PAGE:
By Peter Roberts in Kuala Lumpur
I have been travelling to Malaysia for more than two decades since I worked in the region but nowadays my view of the city has been transformed.
While once it was easy to dismiss Malaysia as a developing country compared to my home in Australia, progress in the capital Kuala Lumpur is starting to make me wonder.
The city is dotted with beautiful buildings that, frankly make Australia, even much-celebrated Sydney, seem positively small town, and has-been.
The world’s tallest twin towers when built, the Petronas Towers still dominate the skyline but have been matched in height by a new 106 storey mega-building, Exchange tower.
And that itself is being dwarfed by a 118-storey, 644-metre giant currently under construction.
This will be served by the second of two advanced metro lines now under construction, and adorned by a major new inner city park.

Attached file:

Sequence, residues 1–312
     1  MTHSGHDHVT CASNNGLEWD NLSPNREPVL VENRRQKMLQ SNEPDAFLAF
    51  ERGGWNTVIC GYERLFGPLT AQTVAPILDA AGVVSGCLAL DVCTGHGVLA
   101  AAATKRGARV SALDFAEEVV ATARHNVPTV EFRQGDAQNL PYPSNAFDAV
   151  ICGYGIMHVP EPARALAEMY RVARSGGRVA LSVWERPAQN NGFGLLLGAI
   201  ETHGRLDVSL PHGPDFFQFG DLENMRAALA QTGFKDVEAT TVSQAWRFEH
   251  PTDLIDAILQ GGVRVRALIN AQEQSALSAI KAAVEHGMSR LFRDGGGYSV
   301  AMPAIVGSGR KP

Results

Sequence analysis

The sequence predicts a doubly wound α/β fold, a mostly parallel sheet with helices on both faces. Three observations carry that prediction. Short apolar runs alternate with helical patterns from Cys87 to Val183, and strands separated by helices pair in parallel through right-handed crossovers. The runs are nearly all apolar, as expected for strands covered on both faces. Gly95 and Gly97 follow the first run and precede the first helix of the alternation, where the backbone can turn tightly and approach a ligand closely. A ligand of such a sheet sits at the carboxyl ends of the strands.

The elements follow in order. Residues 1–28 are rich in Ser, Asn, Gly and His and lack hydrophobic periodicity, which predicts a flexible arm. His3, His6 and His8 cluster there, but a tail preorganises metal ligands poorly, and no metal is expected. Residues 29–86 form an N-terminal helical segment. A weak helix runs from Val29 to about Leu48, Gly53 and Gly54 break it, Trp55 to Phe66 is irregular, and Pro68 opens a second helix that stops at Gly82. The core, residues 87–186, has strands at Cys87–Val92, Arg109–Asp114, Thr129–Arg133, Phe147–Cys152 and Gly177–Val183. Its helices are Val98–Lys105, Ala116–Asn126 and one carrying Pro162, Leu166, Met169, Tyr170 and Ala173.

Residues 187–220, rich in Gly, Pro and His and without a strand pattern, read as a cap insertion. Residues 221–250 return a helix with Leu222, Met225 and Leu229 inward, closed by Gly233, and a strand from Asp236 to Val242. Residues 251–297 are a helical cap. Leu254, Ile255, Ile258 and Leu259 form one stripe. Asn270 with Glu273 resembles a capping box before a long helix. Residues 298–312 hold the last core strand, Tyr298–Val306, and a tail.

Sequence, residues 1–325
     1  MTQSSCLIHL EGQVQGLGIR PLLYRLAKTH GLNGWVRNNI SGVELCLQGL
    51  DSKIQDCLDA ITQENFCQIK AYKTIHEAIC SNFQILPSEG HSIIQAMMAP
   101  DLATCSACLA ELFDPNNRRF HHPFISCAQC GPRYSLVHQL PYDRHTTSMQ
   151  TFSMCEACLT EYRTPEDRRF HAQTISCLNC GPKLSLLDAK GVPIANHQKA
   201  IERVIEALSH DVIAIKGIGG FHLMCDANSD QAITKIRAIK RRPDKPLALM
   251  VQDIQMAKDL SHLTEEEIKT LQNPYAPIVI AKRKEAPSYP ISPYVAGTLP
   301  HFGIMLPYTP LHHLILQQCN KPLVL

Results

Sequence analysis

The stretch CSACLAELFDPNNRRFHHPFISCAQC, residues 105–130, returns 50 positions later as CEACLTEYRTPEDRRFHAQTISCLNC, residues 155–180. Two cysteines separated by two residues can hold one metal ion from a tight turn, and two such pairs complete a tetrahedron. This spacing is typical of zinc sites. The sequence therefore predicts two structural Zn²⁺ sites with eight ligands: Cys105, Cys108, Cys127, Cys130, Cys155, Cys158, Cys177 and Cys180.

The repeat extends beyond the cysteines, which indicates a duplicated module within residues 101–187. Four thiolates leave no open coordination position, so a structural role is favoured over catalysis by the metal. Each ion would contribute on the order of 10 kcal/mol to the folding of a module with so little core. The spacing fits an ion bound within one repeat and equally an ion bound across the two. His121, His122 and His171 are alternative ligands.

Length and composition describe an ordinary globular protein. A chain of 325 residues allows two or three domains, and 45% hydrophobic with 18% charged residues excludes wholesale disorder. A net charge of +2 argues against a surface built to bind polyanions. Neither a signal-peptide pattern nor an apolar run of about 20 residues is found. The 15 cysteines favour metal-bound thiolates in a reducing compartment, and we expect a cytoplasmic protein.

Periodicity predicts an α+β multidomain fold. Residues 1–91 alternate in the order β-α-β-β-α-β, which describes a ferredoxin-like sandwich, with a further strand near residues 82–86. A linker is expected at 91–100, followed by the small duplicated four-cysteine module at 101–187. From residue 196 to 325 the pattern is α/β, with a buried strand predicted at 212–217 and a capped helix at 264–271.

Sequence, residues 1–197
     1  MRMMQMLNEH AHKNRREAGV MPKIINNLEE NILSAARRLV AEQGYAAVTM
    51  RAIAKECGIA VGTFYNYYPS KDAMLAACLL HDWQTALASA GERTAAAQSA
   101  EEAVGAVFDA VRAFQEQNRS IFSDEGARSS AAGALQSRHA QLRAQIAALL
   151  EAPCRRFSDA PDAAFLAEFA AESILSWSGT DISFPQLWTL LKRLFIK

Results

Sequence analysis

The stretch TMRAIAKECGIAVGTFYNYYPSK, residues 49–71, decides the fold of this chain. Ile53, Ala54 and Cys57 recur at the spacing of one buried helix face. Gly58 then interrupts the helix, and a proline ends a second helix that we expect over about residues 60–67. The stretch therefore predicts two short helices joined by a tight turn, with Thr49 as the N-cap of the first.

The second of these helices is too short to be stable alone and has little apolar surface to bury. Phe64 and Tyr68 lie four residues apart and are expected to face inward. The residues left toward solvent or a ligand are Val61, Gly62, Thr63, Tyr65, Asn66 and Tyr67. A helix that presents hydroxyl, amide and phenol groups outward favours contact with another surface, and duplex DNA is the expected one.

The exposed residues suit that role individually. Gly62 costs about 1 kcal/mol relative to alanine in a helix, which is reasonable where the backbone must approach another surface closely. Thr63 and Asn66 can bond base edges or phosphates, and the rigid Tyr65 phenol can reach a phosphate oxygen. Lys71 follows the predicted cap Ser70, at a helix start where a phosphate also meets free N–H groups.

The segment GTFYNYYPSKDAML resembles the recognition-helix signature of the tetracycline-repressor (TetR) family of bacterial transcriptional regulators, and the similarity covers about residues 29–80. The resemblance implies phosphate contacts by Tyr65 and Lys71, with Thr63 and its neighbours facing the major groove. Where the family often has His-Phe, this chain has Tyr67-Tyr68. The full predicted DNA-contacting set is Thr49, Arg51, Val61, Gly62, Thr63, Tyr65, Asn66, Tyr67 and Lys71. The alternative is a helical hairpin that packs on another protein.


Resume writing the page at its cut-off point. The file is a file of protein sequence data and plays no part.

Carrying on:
In a few years Malaysia has quietly made the transition from developing nation, to ‘recently industrialised’, and is perhaps a nation wealthy enough and seemingly happy.
It has developed traditional industries such as car making and leads in some areas of information technology and computing.
And the capital is a visual testament to the vigour, ambition, vision and success of its people.
Meanwhile Australia, the fifth richest nation in the world according to the global wealth migration review, has languished.
Its cities are increasingly congested and polluted, its people entitled and selfish, its governments short-term and visionless, and the sources of its future wealth unclear.
We can’t even protect our environment by taking global warming seriously and we hardly bother thinking of industries of the future.
Somehow we have squandered our natural advantages and built few new ones, while others such as once looked down upon Malaysia are showing us how it is done.
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